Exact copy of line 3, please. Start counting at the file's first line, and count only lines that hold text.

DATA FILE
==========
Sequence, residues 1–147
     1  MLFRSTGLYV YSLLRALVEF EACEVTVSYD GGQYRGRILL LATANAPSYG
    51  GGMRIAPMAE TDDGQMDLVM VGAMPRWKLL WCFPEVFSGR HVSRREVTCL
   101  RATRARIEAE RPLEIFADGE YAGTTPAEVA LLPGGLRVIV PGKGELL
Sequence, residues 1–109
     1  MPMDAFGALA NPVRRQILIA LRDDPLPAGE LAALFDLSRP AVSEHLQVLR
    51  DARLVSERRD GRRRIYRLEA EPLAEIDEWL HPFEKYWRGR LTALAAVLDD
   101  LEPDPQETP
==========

    51  GGMRIAPMAE TDDGQMDLVM VGAMPRWKLL WCFPEVFSGR HVSRREVTCL